The end of February brings the first anniversary of two very successful bike-sharing systems. One in Europe and the other in North America. Both have exceeded usage expectations of their respective city governments and are planning to grow.
It was an immediate success in the heavily auto congested Colonia Condesa, Juárez, and Cuauhtémoc areas of the Federal District. Within a few months the coverage area was expanded to include parts of the Historical Center of the city. In the first year ECOBICI was used 1.2 million times. There are around 25,000 registered yearly subscribers to the Clear Channel system of 1,200 bikes and 90 stations. These subscribers use the bikes an average of 9,000 times daily with a median trip of around 20 minutes.
According to Milenio.com, at the First Anniversary Celebration, Mayor Ebrard and Clear Channel announced that the service will add 1,700 more bikes and 110 more stations before the end of 2011. It also plans to have a total of 4,000 bikes and 275 stations by the end of 2012.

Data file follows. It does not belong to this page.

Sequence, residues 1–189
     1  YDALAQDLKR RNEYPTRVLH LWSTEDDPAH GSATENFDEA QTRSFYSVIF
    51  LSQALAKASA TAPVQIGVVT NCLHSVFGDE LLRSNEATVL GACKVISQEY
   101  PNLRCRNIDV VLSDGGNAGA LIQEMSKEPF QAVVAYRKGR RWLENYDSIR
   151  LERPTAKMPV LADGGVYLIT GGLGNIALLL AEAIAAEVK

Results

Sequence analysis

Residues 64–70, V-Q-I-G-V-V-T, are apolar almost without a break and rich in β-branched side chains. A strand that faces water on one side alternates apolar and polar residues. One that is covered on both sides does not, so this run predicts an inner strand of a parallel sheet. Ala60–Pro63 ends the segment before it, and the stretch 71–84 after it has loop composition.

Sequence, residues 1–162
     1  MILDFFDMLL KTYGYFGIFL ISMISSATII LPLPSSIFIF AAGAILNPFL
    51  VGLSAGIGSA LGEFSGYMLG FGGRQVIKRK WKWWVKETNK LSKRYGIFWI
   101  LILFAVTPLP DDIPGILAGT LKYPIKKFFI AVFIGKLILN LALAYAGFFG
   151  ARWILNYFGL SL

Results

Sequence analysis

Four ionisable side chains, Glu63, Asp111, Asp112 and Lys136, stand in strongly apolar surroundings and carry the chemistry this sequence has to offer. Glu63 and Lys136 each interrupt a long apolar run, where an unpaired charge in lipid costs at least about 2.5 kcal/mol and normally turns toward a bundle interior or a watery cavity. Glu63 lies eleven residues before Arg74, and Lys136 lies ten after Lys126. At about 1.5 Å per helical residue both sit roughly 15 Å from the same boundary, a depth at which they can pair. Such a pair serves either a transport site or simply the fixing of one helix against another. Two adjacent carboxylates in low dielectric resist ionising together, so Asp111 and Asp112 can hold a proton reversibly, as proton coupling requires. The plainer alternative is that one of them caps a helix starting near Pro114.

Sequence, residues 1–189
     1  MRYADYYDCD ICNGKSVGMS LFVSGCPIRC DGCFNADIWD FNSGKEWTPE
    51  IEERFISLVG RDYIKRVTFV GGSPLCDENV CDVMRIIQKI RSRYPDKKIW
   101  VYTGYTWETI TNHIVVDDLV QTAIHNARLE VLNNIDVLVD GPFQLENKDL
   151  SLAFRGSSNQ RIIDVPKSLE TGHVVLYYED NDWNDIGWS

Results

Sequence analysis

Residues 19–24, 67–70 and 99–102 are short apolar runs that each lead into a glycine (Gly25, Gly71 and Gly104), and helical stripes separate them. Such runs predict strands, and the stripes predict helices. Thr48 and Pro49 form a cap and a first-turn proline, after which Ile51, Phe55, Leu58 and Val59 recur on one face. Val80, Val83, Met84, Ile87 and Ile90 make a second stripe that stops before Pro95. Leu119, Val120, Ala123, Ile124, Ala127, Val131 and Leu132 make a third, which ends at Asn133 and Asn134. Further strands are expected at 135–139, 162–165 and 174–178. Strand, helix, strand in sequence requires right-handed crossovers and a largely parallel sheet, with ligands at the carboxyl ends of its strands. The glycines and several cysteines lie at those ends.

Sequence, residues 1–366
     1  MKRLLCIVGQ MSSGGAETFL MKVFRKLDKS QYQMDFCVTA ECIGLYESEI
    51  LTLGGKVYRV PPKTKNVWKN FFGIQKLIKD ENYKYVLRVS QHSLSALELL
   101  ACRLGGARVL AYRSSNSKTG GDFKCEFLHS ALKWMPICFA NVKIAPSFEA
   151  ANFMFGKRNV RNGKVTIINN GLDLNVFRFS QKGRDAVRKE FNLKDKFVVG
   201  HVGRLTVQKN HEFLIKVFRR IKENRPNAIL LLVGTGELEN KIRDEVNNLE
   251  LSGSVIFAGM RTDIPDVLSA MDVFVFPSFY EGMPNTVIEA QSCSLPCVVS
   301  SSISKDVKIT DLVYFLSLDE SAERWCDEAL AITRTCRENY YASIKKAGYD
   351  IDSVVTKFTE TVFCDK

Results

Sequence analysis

Like the wines of this region, it was a good year for the experiment to make buses, trams, and bikes seamlessly interconnected in and around Bordeaux. With 1,545 bikes of VCUB (Vélos for the Community of Urban Bordeaux) being used around 5,000 times a day, over 1.6 million trips have been taken this first year. Another measure of success is that 75% of subscribers have signed up for the full transit option, not just the bikes. Interestingly, in a survey 50% of 13,000 subscribers indicated they owned their own bike. According to SudOuest, during the beginning of the service, bike store operators were not enthusiastic of the program, but now have seen an increase in demand for new bikes since there are more people accustomed to riding in the city. The operating company, Keolis, also operates the region's buses and trams.